2015 November 12 Thursday
America Used To Be Able To Build Stuff

A story from last year about how long it takes to build stuff in America makes me wonder if this has to stay messed up.

Regulations required the bridge's operator to study things like the impact of construction on Native American tribes that passed through the area more than a hundred years ago. In all, more than 300 groups were consulted.

The regulatory process took four years, the same amount of time construction on the 5,800 foot span is expected to take.

In America a lot of things broken by politics stay broken no matter how much they cost. Can we ever escape from what the politicians and their donors have done to mess up the country?

It is stunning what politically broken infrastructure spending mechanisms have caused: multiples higher costs.

Towering among giants is New York Cityís East Side Access project to join the Long Island Rail Road and Grand Central Terminal at cost of $3 billion per kilometer by the time itís finished in 2023. Beyond East Side Access, New York has two more projects (the Second Avenue Subway and No. 7 Line extensions) in the $1.5 billion to $2 billion per-kilometer range.

To put these numbers in global perspective, New Yorkís Second Avenue Subway will cost roughly eight times more than Tokyoís Koto Waterfront line and 36 times more than Madridís Metrosur tunnels on a per-kilometer, purchasing power parity (PPP) basis.

But this is not strictly a New York problem. Outside of New York, there are three more US projects in the top 12: Bostonís proposed Red-Blue Line Connector, San Franciscoís Central Subway, and Los Angelesís Westside Subway Extension.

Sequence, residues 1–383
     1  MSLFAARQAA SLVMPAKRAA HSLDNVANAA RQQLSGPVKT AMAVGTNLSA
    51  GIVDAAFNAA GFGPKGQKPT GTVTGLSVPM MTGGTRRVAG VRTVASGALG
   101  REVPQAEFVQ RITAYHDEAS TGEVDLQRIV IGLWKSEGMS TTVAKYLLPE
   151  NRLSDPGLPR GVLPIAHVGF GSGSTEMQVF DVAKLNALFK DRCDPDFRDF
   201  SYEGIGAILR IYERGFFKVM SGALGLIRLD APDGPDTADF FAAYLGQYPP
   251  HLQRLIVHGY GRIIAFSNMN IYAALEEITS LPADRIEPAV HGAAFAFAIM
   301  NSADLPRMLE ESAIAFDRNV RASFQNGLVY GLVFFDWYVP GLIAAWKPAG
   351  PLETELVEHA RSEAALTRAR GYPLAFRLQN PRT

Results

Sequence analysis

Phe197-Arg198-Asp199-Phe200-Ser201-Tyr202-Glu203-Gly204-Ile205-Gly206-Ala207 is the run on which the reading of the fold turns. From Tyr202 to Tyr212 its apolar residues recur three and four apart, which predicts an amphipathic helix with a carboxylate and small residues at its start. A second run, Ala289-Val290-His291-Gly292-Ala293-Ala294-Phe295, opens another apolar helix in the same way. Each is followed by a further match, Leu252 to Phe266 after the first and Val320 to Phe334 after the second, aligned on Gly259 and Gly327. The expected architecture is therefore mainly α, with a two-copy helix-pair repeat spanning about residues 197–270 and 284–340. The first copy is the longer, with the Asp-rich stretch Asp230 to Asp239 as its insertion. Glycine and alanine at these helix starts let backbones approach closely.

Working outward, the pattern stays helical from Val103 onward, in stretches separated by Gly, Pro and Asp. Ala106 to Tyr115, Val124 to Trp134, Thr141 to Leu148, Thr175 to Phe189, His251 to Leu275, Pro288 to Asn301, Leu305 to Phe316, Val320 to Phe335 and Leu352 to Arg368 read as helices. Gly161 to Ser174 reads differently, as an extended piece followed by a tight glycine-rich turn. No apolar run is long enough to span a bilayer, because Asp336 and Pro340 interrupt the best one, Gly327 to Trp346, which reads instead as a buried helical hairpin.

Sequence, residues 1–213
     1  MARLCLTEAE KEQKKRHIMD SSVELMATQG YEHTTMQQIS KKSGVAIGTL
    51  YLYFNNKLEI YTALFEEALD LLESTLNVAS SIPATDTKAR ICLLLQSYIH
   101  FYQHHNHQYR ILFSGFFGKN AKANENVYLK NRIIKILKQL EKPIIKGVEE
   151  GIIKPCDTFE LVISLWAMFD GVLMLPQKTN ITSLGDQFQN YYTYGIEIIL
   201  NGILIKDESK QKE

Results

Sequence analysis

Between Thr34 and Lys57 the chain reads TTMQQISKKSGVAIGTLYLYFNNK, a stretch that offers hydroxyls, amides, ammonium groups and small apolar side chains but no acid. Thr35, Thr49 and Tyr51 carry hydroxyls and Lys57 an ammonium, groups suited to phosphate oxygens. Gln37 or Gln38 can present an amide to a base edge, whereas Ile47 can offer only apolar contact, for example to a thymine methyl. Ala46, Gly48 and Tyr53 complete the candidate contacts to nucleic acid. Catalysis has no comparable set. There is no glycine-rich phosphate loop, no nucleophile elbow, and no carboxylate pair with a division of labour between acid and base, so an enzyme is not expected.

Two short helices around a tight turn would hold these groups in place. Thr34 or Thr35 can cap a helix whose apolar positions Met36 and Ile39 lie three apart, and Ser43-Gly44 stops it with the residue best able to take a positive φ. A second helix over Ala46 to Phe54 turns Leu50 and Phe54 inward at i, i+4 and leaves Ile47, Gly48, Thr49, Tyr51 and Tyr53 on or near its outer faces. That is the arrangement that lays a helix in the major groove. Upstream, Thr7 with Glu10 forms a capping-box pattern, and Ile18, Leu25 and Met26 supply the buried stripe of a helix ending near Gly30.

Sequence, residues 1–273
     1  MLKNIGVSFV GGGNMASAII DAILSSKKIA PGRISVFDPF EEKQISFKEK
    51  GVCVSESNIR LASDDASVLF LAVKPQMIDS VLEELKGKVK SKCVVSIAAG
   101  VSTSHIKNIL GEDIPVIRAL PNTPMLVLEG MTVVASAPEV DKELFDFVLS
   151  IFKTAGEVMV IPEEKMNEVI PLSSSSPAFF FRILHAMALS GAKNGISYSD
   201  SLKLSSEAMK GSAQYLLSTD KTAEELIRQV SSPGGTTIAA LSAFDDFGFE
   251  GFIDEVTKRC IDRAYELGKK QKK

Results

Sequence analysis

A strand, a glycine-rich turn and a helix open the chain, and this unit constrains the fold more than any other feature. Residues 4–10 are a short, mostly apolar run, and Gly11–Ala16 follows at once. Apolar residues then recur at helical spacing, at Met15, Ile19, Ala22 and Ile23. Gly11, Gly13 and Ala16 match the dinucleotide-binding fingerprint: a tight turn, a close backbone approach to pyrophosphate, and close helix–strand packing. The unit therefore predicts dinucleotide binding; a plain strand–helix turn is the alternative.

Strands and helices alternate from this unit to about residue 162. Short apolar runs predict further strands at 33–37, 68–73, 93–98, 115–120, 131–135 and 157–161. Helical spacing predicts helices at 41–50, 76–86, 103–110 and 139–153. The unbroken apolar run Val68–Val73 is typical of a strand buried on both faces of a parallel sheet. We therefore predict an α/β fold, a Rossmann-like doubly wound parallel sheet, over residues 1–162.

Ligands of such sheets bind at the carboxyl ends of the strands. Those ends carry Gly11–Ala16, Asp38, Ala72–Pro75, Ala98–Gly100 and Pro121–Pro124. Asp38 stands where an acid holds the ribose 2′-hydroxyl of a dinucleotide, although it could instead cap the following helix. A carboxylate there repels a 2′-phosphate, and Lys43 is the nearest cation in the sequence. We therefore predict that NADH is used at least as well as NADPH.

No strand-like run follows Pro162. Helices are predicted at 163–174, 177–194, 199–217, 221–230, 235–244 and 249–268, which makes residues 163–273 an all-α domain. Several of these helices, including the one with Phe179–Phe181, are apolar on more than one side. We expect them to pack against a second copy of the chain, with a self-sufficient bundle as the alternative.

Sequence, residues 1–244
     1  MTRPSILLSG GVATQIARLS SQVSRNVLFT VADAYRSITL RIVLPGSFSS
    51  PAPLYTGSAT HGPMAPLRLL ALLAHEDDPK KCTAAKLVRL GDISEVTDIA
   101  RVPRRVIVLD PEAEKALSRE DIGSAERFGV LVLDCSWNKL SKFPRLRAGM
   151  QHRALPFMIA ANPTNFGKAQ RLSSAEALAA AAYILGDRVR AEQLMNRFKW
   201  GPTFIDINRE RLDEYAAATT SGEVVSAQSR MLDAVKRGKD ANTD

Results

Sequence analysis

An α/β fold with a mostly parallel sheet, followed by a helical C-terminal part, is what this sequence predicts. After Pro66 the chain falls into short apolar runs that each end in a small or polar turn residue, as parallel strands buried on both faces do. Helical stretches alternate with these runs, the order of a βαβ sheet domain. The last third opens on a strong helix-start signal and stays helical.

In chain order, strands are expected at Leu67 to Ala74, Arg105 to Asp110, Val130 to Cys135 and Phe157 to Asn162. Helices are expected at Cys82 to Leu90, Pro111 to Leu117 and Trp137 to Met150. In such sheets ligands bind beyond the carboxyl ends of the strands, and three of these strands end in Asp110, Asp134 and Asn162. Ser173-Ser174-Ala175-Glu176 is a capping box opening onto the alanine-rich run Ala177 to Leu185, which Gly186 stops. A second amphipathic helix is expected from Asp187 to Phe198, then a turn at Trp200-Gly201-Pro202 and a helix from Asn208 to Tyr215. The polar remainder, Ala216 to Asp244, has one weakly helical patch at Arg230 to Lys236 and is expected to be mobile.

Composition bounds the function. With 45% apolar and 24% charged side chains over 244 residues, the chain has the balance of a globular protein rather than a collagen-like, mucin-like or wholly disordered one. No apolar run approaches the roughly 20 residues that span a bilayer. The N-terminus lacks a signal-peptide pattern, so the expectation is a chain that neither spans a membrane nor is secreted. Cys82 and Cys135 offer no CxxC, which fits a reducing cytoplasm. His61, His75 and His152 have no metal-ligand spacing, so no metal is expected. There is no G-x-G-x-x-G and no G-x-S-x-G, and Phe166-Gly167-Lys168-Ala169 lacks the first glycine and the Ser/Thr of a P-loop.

Here are 7 ways the US government drives up the cost of infrastructure projects. Here are some bigger and smaller reasons.

Some possible areas of investigation include mismanagement of contractors, legislative and political interference, ostentatious architecture, onerous procurement rules (including, paradoxically, low-bid rules), time-consuming environmental reviews, prevailing-wage agreements, duplicated administrative functions, bans on certain types of revenue generation, strong rights for private property owners, aldermanic privilege, and political fragmentation.

Interestingly, none of the likely culprits are innate production factors - the high cost of land, the high cost of materials, and the high cost of labor. Land, materials, and labor are costly in the United States, but no more so than, say, Tokyo. And, as a 2011 Economist article helpfully pointed out, the $3.4 billion spent on the Calatrava-designed transit station at the World Trade Center wouldíve paid for the entire Second Avenue subway line if we paid what Tokyo pays for a mile of subway tunnel.

Also see Why is it so expensive to build a bridge in America? and an article on inefficient spending practices by state departments of transportation: More Money Wonít Fix U.S. Infrastructure If We Donít Change How Itís Spent.

It would be great to fix all this stuff and then crank up the spending to get great infrastructure repair and expansion.

Share |      By Randall Parker at 2015 November 12 08:31 PM 

Black Death said at November 15, 2015 2:10 PM:

Indeed. For example, the Empire State building was built in just over a year, 1930-31, using construction technology considered primitive by today's standards. By contrast, the replacement for the Twin Towers, One World Trade Center, took over eight years to build. Ever wonder why?

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